Video games sure have come a long way from the days of Atari, Commodore 64 and the classic Nintendo Entertainment System. Like all technology, the evolution of the medium comes in waves and the big wave of gaming today is all happening in virtual reality. But VR games aren’t just used for gaming like so many of their predecessors–just ask VR gamer Dusty Fohs.
Don’t worry if you don’t know that name. The truth is that Dusty is a typical VR enthusiast and gamer like you. He’s been an active gamer for years. He lived through the days of sitting idly in front of the TV while playing conventional video games and now he’s an avid virtual reality gamer who has a blast in VR while simultaneously losing weight.
Fohs weighed 204 pounds when he started playing VR fitness games. He is now down to 184 pounds. That’s a whopping LOSS OF 20 pounds thanks to virtual reality video games.
Before you cast some doubt on the impact of the VR gaming on this fat loss transformation, Fohs unequivocally credits VR gaming with the shedding of his excess flab. He is quick to note that he lost the initial 15 pounds extremely quickly after using VR fitness based games. His goal is to drop another 14 pounds and reach a healthy weight of 170 pounds and he believes virtual reality gaming will take him there–all this at the age of 50!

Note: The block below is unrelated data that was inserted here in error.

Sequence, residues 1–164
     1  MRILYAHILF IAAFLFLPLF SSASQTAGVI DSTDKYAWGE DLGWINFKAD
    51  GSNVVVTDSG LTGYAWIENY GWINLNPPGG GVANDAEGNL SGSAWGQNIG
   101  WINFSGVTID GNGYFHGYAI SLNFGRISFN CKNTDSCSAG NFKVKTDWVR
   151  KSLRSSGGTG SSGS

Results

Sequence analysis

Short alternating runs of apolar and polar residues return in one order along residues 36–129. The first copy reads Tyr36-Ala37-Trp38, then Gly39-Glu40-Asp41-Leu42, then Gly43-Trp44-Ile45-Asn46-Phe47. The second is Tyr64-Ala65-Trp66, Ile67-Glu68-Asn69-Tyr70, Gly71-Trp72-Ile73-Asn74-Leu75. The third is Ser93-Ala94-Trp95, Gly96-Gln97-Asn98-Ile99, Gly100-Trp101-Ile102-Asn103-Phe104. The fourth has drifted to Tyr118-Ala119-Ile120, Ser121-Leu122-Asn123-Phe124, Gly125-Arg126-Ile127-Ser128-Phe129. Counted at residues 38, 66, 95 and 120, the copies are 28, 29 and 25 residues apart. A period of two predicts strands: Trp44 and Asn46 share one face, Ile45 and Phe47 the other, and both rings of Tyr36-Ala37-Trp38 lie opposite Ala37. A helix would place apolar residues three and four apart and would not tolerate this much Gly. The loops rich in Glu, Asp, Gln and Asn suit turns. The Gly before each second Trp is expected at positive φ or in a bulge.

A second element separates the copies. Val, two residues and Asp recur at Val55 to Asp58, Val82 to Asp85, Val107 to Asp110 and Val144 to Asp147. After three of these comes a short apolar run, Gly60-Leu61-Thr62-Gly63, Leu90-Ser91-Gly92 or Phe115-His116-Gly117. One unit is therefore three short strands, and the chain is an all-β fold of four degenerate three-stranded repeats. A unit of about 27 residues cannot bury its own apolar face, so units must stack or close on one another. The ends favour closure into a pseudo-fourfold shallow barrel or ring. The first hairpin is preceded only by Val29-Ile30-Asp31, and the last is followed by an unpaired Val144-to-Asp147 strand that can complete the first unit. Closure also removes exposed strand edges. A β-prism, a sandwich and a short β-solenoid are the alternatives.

Perhaps the most interesting component of Fohs’ weight loss is the fact that he actually intended to play virtual reality games just for fun. That’s right, he originally had no fitness goals, but when his employer’s annual fitness challenge came about where the goal was to burn 4,000 calories each week, he knew he had an ace in the hole with his VR fitness gaming. According to Fohs, the calorie goal is “almost exclusively [reached] on VR. It’s working wonderfully.”
Fohs has about 50 virtual reality games. Most of these games require extensive movement and moderate athletic ability. Fohs starts out each VR fitness session with some stretching. He then jumps into Racket: Nx followed by either Soundboxing or Audioshield. Fohs describes these three titles as the “core games” of his virtual reality gaming regimen that “get me burning 500-600 calories an hour.” Fohs also mixes in Fruit Ninja, Quivr and Raw Data gameplay. He also plays a game of Hot Squat during each virtual reality gaming session.
Is this a case of a regular guy who wasn’t ever active losing a few pounds but still eating poorly? No. Fohs told us: “I ate well before and haven’t altered my diet. I very rarely ever eat fast food or processed food. I hardly ever drink soda, even diet. I don’t crave sugar and never buy sweets. My problem is portion. I’m a big fan of the See-Food Diet. I see it and I eat it. Snacks don’t last around me. If I open a bag of chips or a pint of ice cream, it’s getting eaten in one sitting. If I buy a box of cereal, it might last two days. I eat healthy, but I can really eat.”